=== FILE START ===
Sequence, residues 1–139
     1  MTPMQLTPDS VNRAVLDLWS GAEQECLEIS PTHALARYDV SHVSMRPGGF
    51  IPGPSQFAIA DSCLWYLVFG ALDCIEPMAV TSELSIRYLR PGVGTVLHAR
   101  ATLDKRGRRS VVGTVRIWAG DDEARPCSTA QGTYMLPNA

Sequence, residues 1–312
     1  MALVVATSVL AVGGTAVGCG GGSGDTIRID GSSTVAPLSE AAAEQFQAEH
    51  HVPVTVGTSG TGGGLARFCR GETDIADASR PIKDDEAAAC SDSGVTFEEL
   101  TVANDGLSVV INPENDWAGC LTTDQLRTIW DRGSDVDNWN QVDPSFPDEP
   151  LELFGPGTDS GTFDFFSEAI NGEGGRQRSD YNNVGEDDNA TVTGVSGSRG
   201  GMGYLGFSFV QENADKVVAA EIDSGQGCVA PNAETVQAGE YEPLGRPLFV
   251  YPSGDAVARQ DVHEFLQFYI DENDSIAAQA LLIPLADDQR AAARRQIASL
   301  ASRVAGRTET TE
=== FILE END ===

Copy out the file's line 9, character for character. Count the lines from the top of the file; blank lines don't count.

   151  LELFGPGTDS GTFDFFSEAI NGEGGRQRSD YNNVGEDDNA TVTGVSGSRG